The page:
The surge in new COVID-19 cases is primarily affecting unvaccinated people and causing community spread, and in turn, prompting the return of mask mandates and guidance in hard-hit areas, even for people who have full vaccine protection. The debate over mask use and vaccine boosters underscores how scientists and other health experts continue to grapple with the uncertainties of COVID-19.
What’s the controversy over booster shots?
Israel has been administering third doses of the vaccine to those 60 and older, and the UK plans to do the same in September. However, this is resulting in a backlash among countries that are struggling to deliver first and second shots to residents.
World Health Organization Director-General Tedros Adhanom Ghebreyesus called for a “moratorium” on booster shots in high-income countries, citing the global disparity in vaccine distribution. Of the 4 billion doses administered globally, 80% have gone to high- and upper-middle income countries that make up less than half the world’s population, he said.
“We cannot accept countries that have already used most of the global supply of vaccines using even more of it, while the world’s most vulnerable people remain unprotected. We call on vaccine producers to prioritize Covax,” Tedros said, referring to the world’s COVID-19 vaccine distribution program.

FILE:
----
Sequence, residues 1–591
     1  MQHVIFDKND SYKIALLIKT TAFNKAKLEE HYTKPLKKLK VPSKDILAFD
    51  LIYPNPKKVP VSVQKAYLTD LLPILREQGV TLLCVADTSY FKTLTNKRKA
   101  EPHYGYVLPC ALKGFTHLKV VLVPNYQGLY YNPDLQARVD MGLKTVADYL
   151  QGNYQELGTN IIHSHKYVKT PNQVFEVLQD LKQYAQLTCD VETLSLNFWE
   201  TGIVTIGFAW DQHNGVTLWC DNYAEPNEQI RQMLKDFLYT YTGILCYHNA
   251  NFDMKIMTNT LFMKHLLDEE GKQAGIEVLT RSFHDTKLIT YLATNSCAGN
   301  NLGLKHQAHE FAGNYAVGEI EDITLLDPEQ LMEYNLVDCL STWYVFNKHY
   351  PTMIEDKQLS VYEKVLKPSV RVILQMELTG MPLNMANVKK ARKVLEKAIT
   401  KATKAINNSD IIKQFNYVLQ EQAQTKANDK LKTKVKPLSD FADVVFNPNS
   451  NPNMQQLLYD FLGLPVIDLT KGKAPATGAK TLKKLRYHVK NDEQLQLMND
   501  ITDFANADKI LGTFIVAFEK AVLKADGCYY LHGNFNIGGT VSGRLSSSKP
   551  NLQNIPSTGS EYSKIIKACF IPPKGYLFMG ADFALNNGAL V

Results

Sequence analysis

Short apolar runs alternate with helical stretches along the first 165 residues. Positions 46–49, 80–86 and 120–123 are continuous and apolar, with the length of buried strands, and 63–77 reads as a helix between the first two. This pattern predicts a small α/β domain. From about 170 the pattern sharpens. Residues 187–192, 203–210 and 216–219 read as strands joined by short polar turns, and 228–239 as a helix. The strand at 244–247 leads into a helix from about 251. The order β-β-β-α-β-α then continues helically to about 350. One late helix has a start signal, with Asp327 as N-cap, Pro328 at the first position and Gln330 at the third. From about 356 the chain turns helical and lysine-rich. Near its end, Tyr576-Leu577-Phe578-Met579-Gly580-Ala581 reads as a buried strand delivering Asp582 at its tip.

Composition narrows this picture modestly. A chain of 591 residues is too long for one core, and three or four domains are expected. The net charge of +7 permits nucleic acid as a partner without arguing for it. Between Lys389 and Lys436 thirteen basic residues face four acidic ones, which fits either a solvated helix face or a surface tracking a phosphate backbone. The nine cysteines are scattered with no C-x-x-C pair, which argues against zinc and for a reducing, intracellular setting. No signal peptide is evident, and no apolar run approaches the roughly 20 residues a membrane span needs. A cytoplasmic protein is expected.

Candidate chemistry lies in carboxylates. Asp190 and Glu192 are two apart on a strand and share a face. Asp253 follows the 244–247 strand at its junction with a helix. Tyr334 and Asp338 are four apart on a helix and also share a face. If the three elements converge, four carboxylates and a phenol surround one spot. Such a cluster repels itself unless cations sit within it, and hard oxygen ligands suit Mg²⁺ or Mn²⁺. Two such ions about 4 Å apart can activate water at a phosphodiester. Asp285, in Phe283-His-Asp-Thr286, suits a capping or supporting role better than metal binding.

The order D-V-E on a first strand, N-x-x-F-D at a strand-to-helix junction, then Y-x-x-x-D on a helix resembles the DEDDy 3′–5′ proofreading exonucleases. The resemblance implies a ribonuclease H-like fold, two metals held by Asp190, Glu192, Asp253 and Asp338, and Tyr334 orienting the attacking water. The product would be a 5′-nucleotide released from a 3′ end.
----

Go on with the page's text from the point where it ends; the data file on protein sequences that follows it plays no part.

Psaki on Tuesday said the US will have enough vaccines to both provide boosters for those who are fully vaccinated in the US and meet the global demand. “We have long planned from enough supply,” she said.
What’s the difference between boosters and a new COVID-19 vaccine?
Moderna’s and Pfizer’s current two-dose vaccine provide effective protection against all known variants of COVID-19, including the delta variant, according to ongoing studies and self-reported statistics. But Pfizer announced in July that a third dose of its vaccine is currently under development. The company said its own research showed a booster shot of its current vaccine increased antibody levels five to 10 times higher over its two-dose shots, noting that its results haven’t been published or peer-reviewed. This week, Pfizer submitted data to the FDA to receive approval for a booster shot.